MOSCOW, Sept. 13 (Xinhua) -- Russia saw no reason for the U.N. Security Council to pass a resolution on Syria based on a chapter of the U.N. Charter that allowed the use of force, Foreign Minister Sergei Lavrov said Thursday.
"Some countries, which want to make external military interventions in Syria, are trying to foist a resolution with reference to Chapter VII of the U.N. Charter, which stipulates enforcement measures against breaching countries," Lavrov told a local magazine, Foreign Affairs, here.
"But we are dealing with an internal conflict and there is no reason to intervene in favor of one side. It is necessary to make all confronting sides in Syria stop fighting immediately and sit at the negotiating table," Lavrov said.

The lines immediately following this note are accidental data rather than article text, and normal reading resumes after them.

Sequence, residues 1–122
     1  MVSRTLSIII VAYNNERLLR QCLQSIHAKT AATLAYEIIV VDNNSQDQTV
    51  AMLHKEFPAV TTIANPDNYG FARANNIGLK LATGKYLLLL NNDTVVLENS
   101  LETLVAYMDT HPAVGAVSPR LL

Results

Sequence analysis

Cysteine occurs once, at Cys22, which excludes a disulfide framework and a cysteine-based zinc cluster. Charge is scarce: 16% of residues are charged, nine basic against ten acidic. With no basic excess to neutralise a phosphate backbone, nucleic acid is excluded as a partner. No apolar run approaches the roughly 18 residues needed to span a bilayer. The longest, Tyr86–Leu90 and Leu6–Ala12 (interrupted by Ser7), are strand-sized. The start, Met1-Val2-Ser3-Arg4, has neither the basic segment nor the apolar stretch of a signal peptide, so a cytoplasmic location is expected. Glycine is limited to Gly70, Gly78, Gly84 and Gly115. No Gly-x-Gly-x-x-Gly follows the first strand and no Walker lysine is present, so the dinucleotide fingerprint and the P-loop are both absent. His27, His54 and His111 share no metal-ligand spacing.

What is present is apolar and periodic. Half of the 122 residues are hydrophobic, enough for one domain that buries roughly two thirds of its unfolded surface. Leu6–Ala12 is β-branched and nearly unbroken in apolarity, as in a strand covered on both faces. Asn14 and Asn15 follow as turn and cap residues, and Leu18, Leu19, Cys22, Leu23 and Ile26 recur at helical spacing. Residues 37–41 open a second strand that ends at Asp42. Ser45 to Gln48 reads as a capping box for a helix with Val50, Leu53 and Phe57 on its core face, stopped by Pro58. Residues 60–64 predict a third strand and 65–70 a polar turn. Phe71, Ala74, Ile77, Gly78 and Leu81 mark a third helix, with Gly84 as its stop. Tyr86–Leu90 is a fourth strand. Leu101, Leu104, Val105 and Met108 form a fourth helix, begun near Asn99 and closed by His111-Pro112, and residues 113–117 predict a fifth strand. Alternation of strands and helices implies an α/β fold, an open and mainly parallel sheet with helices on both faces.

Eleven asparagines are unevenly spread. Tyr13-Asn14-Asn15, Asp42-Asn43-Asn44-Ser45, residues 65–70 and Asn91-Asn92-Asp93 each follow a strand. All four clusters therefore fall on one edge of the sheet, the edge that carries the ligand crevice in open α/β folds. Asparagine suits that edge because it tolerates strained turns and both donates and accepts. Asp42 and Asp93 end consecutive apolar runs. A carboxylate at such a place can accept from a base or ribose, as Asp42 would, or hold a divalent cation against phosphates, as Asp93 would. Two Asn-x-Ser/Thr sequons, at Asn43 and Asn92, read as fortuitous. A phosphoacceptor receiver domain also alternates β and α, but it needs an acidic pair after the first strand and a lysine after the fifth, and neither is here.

He said the U.N. Security Council had already passed two resolutions on Syria, as well as a communique adopted by an action group in Geneva on June 30, which envisaged a Syrian-led transition.
"We proposed to approve the Geneva communique at the U.N. Security Council, but the U.S. has refused because it didn't contain threats, one-sided assessments and sanctions against the (Syrian) regime. It contained a balanced approach aimed at stopping violence in Syria," the diplomat said.
Chapter VII of the U.N. Charter allows the U.N. Security Council to use force in the face of a threat to peace or aggression, taking "such action by air, sea, or land forces as may be necessary to maintain or restore international peace and security," including blockades and other operations by the forces of member states.
In July, Russia and China vetoed a Western-proposed draft resolution, which threatens non-military sanctions by quoting Chapter VII of the U.N. Charter if the Syrian government failed to pull out troops and heavy weapons from populated areas.
The two countries said after the vote the resolution was "biased" and "seriously problematic," and went against the Geneva consensus.